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    STUCKETT v. U.S. POSTAL SERVICE , 469 U.S. 898 (1984)

    U.S. Supreme Court

    STUCKETT v. U.S. POSTAL SERVICE , 469 U.S. 898 (1984)

    469 U.S. 898

    Terry L. STUCKETT
    v.
    UNITED STATES POSTAL SERVICE
    No. 83-6839

    Supreme Court of the United States

    October 9, 1984

    On petition for writ of certiorari to the United States Court of Appeals for the Seventh Circuit.

    The petition for a writ of certiorari is denied.

    Justice WHITE, with whom Justice REHNQUIST joins, dissenting.

    In Zipes v. Trans World Airlines, Inc., 455 U.S. 385 (1982), we held that the timely filing of an employment discrimination charge with the Equal Employment Opportunity Commission ( EEOC) is not a jurisdictional prerequisite to a suit under Title VII of the Civil Rights Act of 1964 against a private employer. The time limit on the filing of a charge is therefore subject to waiver, estoppel, and equitable tolling. In so holding, we settled a conflict among the Courts of Appeals. This case presents a similar question, against the background of a similar conflict, regarding Title VII suits against the Federal Government. [469 U.S. 898 , 899]   After being fired by respondent, petitioner filed a complaint with the EEOC alleging racial discrimination. The Commission denied relief, and petitioner then filed suit in Federal District Court. Under 42 U.S.C . 2000e-16(c), the complaint was due within 30 days of petitioner's receipt of notice of the EEOC's final action. The District Court determined that petitioner had missed this deadline and dismissed for want of jurisdiction. Fed.Rule Civ.Proc. 12(b)(1). The Court of Appeals affirmed, stating that "the time limits for filing Title VII actions against the federal government are jurisdictional." App. to Pet. for Cert. 2. The court relied on Sims v. Heckler, 725 F.2d 1143 (CA7 1984), which held that a federal employee's failure to file a timely administrative charge barred a later suit. Sims concluded that considerations of sovereign immunity made the principles underlying Zipes inapplicable when the defendant is the Federal Government.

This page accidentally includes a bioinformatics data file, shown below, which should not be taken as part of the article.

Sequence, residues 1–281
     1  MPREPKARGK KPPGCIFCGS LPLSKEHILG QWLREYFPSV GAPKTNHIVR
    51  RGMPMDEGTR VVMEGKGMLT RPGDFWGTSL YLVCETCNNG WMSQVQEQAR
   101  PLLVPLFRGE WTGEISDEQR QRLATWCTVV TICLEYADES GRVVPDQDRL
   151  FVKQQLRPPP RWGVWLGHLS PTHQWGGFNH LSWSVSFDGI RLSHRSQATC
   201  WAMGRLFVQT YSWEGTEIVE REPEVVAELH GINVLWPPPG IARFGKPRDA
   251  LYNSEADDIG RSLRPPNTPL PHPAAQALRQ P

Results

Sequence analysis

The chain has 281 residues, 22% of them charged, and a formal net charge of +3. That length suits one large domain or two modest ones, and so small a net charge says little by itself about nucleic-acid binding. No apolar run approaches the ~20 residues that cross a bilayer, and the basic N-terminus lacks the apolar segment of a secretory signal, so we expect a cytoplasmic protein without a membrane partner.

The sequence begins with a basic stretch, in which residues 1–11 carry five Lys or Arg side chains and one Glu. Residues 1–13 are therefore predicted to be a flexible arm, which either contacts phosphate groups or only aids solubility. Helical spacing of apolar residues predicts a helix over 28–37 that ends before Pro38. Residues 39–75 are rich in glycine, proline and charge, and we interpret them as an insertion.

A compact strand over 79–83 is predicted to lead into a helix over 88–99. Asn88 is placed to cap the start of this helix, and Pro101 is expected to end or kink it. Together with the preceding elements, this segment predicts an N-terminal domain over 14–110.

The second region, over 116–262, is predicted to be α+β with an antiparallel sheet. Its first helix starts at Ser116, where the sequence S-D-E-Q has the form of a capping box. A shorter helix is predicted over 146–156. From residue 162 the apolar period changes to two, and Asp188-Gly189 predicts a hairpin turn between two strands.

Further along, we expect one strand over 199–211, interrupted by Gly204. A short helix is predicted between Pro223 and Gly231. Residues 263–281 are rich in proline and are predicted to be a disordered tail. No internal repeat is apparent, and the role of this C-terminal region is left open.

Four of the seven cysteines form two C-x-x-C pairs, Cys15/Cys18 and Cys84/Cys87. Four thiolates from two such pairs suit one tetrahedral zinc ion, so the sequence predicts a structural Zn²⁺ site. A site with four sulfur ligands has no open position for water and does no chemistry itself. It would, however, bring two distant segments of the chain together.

The position of the Seventh Circuit directly conflicts with that of three other Courts of Appeals. See Martinez v. Orr, 738 F.2d 1107 (CA10 1984); Milam v. United States Postal Service, 674 F.2d 860 (CA11 1982); Saltz v. Lehman, 217 U.S.App.D.C. 354, 672 F.2d 207 (1982) (time limit for filing with EEOC). The Ninth Circuit might be added to this list, though its position is unclear. See Cooper v. Bell, 628 F.2d 1208, 1213, and n. 10 (1980); Ross v. United States Postal Service, 696 F.2d 720 (1983); Rice v. Hamilton Air Force Base Commissary, 720 F.2d 1082, 1083-1084, and n. 1 (1983).

    Whether tolling would be appropriate in this case if the time limit is not jurisdictional was neither argued nor considered below. Because the complaint was dismissed under Rule 12(b)(1), the question of the jurisdictional significance of the 30-day limit is squarely presented. In light of the conflict among the lower courts, I would grant certiorari.

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